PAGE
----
Arcade Fire, LCD Soundsystem
Oct. 3, 2007
BY ROXANN SLATE
The buildup to this show was palatable. At first I thought it was just my friends, but eventually it became apparent it was the whole city debating. I attempted to ignore those who were unsure if they wanted to part with their money, I doubted the faith of those who fretted about the weather, and I worried for those who had never listened to either of the bands.
I bought tickets as soon as they went on sale. I was fine paying $15.50 in fees for my two tickets. I would pay any amount of money to see LCD Soundsystem. I am not a huge Arcade Fire fan. I remember the arrival of Funeral, and I felt there wore other obscure Canadian bands that deserved my attention. The huge success of Neon Bible shows I had a different reaction than the rest of the music world.
In early March of this year I read an article in The New York Times Magazine, called “One Very, Very Indie Band.” (http://www.nytimes.com/2007/03/04/magazine/04arcade.t.html?pagewanted=1&_r=1). It portrayed an overly poetic and “very, very indie” image of Arcade Fire. The author, Darcy Frey wrote. “… They embraced the chaos,” audio engineer Mark Davis says. “They were like, ‘Let’s everybody play in the room and throw mikes at it and see how it sounds! Let’s jump off a cliff and see what happens at the bottom!’ On one song, the final vocal was the first one recorded: The band set up on the church stage; Win went outside onto the back steps with headphones and a mandolin and sang into the night.
The rest of the article goes on to tell cute stories of the band’s past, the transition from hole-in-the-wall clubs to touring Europe, and how you can go out to dinner with major record labels and still not sign with them, all the while giving the reader the sense that they are the archetype of socialistic “too-cool-for-everything” alternative culture. This article solidified my dislike of Arcade Fire. Despite it all I bought the tickets. I knew they would be an entertaining skeptical.
LCD Soundsystem stole my heart. I love everything about their albums, and I loved how it translated live. Interviews with lead singer James Murphy commonly convey a club kid all grown up exhausted and stifled by singing the same songs over and over again. Regardless of Murphy’s media persona, he told us that when people saying being in band is hard they are lying.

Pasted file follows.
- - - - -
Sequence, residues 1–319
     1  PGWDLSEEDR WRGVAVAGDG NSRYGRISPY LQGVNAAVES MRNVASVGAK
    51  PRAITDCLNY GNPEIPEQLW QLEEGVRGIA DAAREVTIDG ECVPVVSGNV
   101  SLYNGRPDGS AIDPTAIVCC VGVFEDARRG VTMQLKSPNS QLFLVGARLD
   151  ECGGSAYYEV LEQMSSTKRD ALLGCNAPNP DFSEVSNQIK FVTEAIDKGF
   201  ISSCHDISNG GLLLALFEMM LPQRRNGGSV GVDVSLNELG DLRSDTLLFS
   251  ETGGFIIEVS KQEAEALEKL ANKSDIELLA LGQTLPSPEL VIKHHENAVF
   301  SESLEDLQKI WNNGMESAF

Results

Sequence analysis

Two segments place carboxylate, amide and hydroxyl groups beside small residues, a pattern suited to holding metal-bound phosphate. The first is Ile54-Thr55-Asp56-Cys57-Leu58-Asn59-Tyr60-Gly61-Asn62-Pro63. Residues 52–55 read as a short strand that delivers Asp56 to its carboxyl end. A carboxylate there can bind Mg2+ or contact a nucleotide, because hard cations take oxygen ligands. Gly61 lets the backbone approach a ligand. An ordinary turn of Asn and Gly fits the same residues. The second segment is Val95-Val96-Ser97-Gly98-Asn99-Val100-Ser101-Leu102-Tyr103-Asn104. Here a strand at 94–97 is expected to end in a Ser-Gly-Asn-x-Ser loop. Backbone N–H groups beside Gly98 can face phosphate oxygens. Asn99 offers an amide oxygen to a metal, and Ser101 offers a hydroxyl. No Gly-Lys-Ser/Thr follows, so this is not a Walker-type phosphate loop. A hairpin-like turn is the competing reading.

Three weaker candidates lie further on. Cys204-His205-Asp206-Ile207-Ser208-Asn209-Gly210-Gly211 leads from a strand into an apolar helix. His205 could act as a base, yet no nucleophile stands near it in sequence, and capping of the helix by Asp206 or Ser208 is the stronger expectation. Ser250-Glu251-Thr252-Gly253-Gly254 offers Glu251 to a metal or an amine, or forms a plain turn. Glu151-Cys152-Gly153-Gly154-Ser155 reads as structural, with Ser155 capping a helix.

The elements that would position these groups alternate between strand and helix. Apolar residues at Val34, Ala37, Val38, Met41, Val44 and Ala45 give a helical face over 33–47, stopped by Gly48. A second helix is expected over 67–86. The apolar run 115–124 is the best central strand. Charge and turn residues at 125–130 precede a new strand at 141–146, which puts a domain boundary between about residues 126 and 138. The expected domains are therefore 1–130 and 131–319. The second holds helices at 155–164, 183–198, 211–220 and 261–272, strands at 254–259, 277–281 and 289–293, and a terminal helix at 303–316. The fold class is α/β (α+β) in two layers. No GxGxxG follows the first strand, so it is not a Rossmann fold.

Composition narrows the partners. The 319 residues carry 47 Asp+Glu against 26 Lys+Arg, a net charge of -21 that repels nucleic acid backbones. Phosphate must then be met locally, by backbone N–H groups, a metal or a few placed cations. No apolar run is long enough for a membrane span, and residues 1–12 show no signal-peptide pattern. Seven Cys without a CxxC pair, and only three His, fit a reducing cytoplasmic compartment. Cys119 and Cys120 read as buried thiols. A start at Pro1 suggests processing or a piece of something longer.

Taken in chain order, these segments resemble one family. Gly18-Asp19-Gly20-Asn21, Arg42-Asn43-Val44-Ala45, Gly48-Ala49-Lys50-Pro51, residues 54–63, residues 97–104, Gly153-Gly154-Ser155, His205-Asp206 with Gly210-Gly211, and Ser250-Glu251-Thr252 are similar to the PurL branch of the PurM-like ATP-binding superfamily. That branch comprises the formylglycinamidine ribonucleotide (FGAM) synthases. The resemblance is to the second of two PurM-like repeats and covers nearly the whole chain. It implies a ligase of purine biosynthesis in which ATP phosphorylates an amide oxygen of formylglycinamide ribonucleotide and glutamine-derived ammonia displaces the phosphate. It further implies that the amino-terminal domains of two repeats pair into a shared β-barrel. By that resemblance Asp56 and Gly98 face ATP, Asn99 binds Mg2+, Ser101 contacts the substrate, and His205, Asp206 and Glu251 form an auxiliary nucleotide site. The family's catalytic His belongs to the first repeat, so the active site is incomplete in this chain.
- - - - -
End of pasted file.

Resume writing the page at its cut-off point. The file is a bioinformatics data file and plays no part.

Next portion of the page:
Their energy was contagious yet I felt confined by a crowed that wasn’t moved.
I was a rare island in an archipelago of LCD Soundsystem fans. I was comforted by the few distant flailing arms and head motions that were too vigorous to be polite bobbing.
A sea change occurred around me about halfway through Arcade Fire’s set. Neon Bible is an excellent title for their album. Its sounds swell and churn with an inhuman power. Throughout each song, the eyes of those around me became large and sincere as they sang along with every word. Each member of the band traded instruments throughout the night, using their whole bodies to play them.
No song was minimally plucked and hummed. Each song was an opportunity to offer their souls to some greater Being.
The art direction of Arcade Fire set was exquisite. It was apparent that the sepia-tone film snippets projected behind the band were carefully selected from a wide variety of possible “warm tones.” The coordination of close-ups and the firing of neon lights synched with the songs, instead of the all-too-common haphazard display of effects.
At the end of the night I wasn’t converted, I don’t plan on joining their eclectic church. I still feel equally envious and disgusted by their hyper-cool, extreme indie lifestyle. I will still continue to snub Arcade Fire in my own way, while reading every interview they do, and buying another ticket if they ever come back to town.
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